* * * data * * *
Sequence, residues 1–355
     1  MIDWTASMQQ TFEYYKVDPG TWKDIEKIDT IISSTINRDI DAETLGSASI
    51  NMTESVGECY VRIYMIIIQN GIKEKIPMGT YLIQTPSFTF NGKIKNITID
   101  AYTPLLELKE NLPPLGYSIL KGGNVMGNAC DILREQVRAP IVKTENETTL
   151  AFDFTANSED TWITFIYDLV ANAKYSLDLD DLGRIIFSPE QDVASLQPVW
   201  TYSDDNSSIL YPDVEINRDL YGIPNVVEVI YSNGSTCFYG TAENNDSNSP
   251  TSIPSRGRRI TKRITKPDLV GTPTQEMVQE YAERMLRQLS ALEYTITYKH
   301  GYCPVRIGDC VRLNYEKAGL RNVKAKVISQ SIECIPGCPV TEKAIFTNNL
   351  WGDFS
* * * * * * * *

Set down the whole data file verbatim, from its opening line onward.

Sequence, residues 1–355
     1  MIDWTASMQQ TFEYYKVDPG TWKDIEKIDT IISSTINRDI DAETLGSASI
    51  NMTESVGECY VRIYMIIIQN GIKEKIPMGT YLIQTPSFTF NGKIKNITID
   101  AYTPLLELKE NLPPLGYSIL KGGNVMGNAC DILREQVRAP IVKTENETTL
   151  AFDFTANSED TWITFIYDLV ANAKYSLDLD DLGRIIFSPE QDVASLQPVW
   201  TYSDDNSSIL YPDVEINRDL YGIPNVVEVI YSNGSTCFYG TAENNDSNSP
   251  TSIPSRGRRI TKRITKPDLV GTPTQEMVQE YAERMLRQLS ALEYTITYKH
   301  GYCPVRIGDC VRLNYEKAGL RNVKAKVISQ SIECIPGCPV TEKAIFTNNL
   351  WGDFS